Boston Celtics: Offensive Woes Will Be Masked By Elite Defense in 2010-11
2009-10 Regular Season: 50-32
2009-10 Playoffs: #4 seed; lost in NBA Finals to the Los Angeles Lakers in seven games
Additions: Shaquille O’Neal, Jermaine O’Neal, Delonte West, Avery Bradley, Semih Erden
Key Losses: Tony Allen, Michael Finley, Rasheed Wallace, Brian Scalabrine, Shelden Williams
Projected Rotation Players: Rajon Rondo, Kevin Garnett, Paul Pierce, Ray Allen, Kendrick Perkins (out until at least January), Glen Davis, Nate Robinson, Shaquille O’Neal, Jermaine O’Neal, Delonte West, Marquis Daniels
Look for the Celtics’ first two regular season games to be representative of 80 to come.
Just to clarify, I’m not predicting a .500 finish for the 2010-11 Celtics. This remains an extremely smart, talented and deep team whose place in the NBA’s top tier is set in stone.
However, the aging (now more than ever!) Celtics will struggle to score, leading to some unexpected losses, not unlike Wednesday night in Cleveland. For all of their talent and toughness, there is an alarming lack of a go-to move on the Celtics. This team has only one player, Rajon Rondo, who’s capable of getting his own shot. And while Rondo can dominate without making a mark on the score sheet and is capable of getting to any spot on the floor, if he’s more than 10 feet away from the rim, he’s probably not going to score.
Of the remaining Celtics, two (Ray Allen and Paul Pierce) possess a consistent 3-point shot, three (Allen, Pierce, Kevin Garnett) can consistently hit a mid-range jumper and no one (maybe Garnett) commands a double team in the post. One of the O’Neals will occasionally find a rhythm inside, but both are shells of their former offensive selves. An overwhelming majority of this team’s easy buckets hinge completely on Rondo being able to penetrate and lay the ball off. This happens with incredible frequency, but puts the offense in the precarious position of being overly-reliant on a guy that doesn’t need to be guarded outside of 15 feet.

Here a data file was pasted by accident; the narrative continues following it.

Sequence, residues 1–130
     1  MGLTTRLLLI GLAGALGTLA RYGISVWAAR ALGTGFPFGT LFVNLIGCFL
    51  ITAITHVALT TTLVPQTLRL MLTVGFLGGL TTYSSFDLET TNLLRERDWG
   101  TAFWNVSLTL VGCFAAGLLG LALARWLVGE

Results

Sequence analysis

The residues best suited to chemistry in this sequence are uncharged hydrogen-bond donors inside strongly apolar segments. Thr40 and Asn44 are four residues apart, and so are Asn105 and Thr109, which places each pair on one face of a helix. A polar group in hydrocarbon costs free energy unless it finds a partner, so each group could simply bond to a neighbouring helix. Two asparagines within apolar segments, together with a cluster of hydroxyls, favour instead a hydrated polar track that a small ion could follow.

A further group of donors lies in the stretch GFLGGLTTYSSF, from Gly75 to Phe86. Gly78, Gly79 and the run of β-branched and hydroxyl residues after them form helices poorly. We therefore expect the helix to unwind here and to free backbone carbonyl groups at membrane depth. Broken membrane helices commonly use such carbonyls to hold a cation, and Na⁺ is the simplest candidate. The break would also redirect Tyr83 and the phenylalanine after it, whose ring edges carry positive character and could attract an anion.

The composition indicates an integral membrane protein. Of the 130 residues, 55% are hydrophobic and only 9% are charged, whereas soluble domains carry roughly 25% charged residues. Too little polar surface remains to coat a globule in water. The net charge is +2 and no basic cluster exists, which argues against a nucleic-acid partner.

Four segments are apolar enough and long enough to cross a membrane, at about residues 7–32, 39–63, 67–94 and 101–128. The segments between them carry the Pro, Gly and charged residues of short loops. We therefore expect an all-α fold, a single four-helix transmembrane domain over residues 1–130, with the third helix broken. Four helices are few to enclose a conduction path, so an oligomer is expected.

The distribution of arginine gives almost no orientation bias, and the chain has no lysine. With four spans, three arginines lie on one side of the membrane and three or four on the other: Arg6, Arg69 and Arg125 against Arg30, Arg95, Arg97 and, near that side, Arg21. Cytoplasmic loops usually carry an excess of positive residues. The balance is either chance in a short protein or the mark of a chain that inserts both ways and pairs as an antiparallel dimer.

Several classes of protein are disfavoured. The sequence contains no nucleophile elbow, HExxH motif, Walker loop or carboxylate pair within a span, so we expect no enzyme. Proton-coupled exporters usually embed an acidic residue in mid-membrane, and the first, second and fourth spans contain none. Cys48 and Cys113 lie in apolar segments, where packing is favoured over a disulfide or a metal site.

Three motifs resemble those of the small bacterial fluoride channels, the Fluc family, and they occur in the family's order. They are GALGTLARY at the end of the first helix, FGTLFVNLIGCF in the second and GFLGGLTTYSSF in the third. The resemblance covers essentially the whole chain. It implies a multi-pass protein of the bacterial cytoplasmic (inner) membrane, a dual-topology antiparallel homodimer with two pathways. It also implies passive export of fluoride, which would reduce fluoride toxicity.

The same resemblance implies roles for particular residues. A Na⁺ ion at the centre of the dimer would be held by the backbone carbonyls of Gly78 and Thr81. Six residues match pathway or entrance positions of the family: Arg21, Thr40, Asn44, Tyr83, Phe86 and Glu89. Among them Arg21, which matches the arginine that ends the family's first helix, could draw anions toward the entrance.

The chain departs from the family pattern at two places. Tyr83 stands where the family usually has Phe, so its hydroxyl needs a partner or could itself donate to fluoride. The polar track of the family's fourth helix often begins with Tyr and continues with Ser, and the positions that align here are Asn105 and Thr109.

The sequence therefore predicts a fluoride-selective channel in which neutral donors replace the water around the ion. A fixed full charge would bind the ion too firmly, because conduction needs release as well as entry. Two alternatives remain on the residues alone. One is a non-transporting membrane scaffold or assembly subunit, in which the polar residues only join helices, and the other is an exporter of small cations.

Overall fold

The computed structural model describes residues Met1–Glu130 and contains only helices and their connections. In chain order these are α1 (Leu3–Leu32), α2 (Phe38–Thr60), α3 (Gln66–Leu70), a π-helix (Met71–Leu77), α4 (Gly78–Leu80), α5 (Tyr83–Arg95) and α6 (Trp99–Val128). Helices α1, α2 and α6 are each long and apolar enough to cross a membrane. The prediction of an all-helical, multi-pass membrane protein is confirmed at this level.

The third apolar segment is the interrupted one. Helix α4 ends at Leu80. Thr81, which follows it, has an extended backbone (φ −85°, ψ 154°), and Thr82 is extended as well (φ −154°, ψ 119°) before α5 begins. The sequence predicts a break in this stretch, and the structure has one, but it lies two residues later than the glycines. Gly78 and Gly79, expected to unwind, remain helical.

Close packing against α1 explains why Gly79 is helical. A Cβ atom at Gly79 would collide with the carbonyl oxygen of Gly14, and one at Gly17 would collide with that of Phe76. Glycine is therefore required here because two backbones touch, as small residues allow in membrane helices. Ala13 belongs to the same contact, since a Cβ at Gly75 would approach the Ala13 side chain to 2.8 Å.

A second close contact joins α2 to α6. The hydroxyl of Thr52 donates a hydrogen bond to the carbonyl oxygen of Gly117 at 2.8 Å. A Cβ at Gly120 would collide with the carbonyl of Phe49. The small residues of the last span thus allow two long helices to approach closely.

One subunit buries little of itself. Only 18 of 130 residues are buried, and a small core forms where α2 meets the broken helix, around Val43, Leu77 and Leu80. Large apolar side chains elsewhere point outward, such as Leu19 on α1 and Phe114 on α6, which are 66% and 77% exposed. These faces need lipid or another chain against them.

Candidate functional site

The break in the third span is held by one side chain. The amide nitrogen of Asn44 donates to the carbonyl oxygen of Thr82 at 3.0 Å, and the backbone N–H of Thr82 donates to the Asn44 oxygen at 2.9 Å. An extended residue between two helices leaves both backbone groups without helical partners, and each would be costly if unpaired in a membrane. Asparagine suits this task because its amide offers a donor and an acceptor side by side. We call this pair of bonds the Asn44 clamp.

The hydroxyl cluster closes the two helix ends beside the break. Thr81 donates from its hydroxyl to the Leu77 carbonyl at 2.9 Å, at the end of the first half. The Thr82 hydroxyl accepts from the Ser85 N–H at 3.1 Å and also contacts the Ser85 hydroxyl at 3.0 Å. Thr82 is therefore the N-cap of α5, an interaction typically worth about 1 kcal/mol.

What all of that said, if we learned anything on Tuesday night (other than the fact that a Laker fan can root for the Celtics without bursting into flames), it’s that even in the absence of elite post stopper Kendrick Perkins and departed “defensive coordinator” Tom Thibodeau, the 2010-11 Celtics may be one of the best defensive teams we’ve seen in a long time. For starters, everyone in the rotation with the exception of Allen and Nate Robinson qualifies as at least a “good” rebounder.
On the perimeter, Rondo is an outstanding (and still improving) defender and one of the NBA’s elite ballhawks. He’s joined by rookie Avery Bradley, who’s expected to be a defensive stud, and Delonte West, another solid defensive guard. At the “3” position, Paul Pierce is still an excellent (and underrated) defender, and he’s backed up by a capable defender in Marquis Daniels.
Finally, up front, there’s KG, who looks better than he has in two years and should return to being an elite defender. Joining him is Glen “Big Baby” Davis, who’s undersized but a decent defender and a battler, and the Incredible Aging O’Neals. Shaq is practically cemented to the ground these days, but he’s still an experienced 330-pounder that can wear opposing bigs down by simply leaning on them. Meanwhile, for all that he’s lost at the offensive end, Jermaine remains a very good interior defender and shotblocker. All this, and not a mention of one of the game’s top-three interior defenders- Kendrick Perkins, who hopes to return from ACL surgery in January.
Look for the Celtics to regularly keep teams in the top third of the NBA in the 80s (or lower), and make them look silly in the process. However, this is also a team that will drop a handful of games to lottery-bound teams, and struggle to score 90 points in the process.
Bottom line: Vegas has the over-under on regular seasons wins for the Celtics at 54.5. Like the Lakers out West, this is a veteran team that’s not concerned with regular season wins. Doc Rivers will push this team hard enough to secure a top-four seed in the playoffs, but not so hard that he drives them into the ground. There’s only one goal for these guys: a championship.
This team is built for the postseason, when the pace of games slows down and rest is easier to come by. The Celtics will win 50+ games, but as they prioritize rest for their veterans, some slippage may occur, just like last season. Look for these guys to win between 51 and 55 games in the regular season.
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